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Autori: Šesnić, Jelena
Naslov: The Alternative Geo-Politics of Croatian American Diasporic Writers
Izvornik:
Skup: The Annual Meeting of the American Comparative Literature Association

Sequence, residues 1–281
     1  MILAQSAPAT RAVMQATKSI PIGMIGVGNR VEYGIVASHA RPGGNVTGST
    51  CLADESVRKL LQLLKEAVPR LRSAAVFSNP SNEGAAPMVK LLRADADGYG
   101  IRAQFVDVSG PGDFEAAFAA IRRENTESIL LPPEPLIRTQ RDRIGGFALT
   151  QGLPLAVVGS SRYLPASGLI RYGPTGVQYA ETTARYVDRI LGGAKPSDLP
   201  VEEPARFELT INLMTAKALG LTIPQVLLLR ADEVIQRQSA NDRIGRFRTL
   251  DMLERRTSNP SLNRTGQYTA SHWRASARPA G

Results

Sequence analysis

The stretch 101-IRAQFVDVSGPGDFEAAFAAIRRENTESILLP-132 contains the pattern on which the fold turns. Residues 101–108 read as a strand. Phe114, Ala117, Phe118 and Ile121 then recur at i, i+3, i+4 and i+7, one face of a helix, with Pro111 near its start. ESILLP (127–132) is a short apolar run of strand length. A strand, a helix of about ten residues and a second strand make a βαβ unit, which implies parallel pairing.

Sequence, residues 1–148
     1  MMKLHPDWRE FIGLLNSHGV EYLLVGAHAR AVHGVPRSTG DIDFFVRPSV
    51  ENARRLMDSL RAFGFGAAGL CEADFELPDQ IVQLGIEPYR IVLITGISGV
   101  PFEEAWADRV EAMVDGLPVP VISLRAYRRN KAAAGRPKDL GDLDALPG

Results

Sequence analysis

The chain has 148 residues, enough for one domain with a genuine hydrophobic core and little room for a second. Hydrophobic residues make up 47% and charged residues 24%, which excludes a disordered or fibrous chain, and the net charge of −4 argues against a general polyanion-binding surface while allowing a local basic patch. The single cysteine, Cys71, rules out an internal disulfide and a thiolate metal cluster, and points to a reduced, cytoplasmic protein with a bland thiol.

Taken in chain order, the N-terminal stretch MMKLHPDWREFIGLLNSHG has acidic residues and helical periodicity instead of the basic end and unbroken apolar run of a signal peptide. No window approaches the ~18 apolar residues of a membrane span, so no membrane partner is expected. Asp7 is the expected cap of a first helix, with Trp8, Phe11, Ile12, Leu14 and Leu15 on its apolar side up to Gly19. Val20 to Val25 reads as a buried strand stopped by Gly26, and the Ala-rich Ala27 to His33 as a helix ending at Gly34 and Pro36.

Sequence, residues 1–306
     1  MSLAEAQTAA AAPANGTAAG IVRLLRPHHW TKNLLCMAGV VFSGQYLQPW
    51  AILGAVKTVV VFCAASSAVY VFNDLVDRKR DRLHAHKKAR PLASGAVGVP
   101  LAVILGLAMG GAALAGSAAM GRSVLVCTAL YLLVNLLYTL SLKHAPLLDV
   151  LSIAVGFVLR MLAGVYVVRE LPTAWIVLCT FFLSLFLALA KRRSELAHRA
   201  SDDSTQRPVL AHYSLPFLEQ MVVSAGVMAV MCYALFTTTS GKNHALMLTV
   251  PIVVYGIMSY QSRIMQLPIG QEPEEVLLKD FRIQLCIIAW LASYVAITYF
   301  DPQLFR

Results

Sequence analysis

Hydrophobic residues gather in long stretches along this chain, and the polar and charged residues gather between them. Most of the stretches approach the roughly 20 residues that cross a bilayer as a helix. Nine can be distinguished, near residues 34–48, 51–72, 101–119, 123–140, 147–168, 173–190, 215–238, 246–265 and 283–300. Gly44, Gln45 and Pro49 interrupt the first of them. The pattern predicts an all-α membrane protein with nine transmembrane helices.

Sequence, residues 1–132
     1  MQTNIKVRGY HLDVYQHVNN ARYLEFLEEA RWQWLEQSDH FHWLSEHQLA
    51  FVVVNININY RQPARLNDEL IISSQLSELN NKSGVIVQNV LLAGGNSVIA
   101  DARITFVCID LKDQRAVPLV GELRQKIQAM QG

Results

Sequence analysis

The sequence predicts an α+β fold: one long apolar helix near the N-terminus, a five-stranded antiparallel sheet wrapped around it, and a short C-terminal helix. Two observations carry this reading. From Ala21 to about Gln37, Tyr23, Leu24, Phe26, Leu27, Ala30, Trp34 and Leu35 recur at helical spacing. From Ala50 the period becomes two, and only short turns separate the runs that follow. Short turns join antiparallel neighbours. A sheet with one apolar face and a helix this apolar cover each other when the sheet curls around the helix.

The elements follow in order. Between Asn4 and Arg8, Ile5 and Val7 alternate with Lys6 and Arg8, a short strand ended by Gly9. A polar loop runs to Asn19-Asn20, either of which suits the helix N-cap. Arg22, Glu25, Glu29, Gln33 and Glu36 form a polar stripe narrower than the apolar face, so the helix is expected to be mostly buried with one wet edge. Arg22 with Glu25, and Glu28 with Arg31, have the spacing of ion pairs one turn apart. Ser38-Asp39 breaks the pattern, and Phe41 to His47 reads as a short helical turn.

Mjesto i datum: Seattle, Sjedinjene Američke Države, 26.-29. ožujka 2015.
Ključne riječi: transnationalism, diaspora, Croatian American, post-socialist, post-communist, literary geopolitics
Sažetak: